Before you think that I am being unfair to those who use Policy Governance® in a Christian organization because I accuse them of being philosophically or theologically inconsistent, let me say that such inconsistency is not limited to such a small circle of people. The practice of logical inconsistency is not new with the advent of Policy Governance®. It has a long and distinguished history. (See the work of Cornelius Van Til who has traced this kind of logical inconsistency through the history of Christianity in his groundbreaking books.) Jesus Himself acknowledged the reality of such inconsistency in Matthew 7:21-22, Matthew13:15 and Matthew 15:18 (quoting from Isaiah 29:13). The fact that this kind of logical inconsistency is rampant today, in the church and out, makes discussion difficult and complex in spite of the fact that biblical truth is itself not difficult to understand.

Let me repeat myself, Policy Governance® has application to Christian organizations, but to remain faithful to Scripture some adjustments must be made. And the first of those adjustments has to do with the issue of organizational ownership. Since Christians in fellowship are an expression of the church, the issue is who owns the church? I agree with most of what Dr. Biery has said about ownership regarding God as the ultimate owner and the potential abuse of authority. But the abuse of authority is not unique to Christianity, all authority can be abused, whether by an executive, a board of directors or even civil government — Christian, Moslem or Atheist.

A Google® search using “critique of policy governance” will bring up a list of articles with varying objections to Policy Governance. (For instance, The Exercize of Power.) Among the critics of Policy Governance are those who accuse it of setting up the CEO to abuse the sweeping authority accorded to him/her by Policy Governance boards. My point is simply that Christianity is not the source of the abuse of authority, sin is. And only Christianity faithfully engaged can remedy sin. By the same token, the issue of the abuse of authority is one of the primary issues that feeds the devolution of civil society in our day. Because corporate structure has historically followed the organizational principles of Congregationalism (my own church background), corporations and other organizations who have charters, officers, boards and by-laws are essentially Congregational in polity. And the single most destructive error of Congregational churches is its failure to understand and abide by biblical authority.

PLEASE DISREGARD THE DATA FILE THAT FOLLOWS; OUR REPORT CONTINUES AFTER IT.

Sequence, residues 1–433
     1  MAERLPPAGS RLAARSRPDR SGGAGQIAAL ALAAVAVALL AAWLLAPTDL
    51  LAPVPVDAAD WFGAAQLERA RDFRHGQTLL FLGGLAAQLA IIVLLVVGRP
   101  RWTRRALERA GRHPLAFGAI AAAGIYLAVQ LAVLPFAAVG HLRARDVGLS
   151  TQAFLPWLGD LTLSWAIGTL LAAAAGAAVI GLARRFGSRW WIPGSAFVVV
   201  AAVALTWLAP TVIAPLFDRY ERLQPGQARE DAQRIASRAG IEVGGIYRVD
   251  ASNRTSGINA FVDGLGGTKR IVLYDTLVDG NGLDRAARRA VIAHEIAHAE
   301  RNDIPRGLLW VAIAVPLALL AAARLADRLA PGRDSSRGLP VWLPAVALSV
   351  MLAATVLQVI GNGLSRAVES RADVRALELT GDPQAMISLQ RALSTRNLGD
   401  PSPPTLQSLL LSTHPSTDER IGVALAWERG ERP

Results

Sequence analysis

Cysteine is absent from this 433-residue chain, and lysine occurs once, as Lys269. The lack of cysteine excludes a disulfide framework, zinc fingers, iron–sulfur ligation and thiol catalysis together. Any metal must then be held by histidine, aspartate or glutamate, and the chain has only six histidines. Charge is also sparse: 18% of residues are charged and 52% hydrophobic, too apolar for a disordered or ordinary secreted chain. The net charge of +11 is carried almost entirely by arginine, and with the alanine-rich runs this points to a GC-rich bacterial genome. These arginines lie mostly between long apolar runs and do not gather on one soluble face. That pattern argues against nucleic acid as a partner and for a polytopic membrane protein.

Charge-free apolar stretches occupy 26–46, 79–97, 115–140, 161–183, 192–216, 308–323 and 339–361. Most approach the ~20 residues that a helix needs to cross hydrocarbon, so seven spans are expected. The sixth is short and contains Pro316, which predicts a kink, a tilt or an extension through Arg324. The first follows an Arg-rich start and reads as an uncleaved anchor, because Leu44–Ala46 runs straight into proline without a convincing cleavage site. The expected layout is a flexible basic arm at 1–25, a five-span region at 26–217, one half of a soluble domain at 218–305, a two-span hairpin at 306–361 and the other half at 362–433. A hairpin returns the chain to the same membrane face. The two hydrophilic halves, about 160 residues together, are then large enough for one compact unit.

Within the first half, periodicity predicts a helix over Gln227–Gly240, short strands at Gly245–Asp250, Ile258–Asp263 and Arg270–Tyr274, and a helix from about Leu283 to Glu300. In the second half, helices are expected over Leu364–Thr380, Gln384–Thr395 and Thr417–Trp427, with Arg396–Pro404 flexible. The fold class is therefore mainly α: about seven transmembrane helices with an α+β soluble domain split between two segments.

In the same way that the CEO can abuse his/her authority in the organization s/he is responsible for, the board can abuse its powers of oversight, using those powers to inappropriately to seek their own gain, break laws, and/or act immorally. While one of the strengths of Policy Governance® is its emphasis and treatment of accountability, the wrong understanding of accountability definitions and structures — and particularly to whom one is ultimately accountable to — can still lead to a lack of accountability.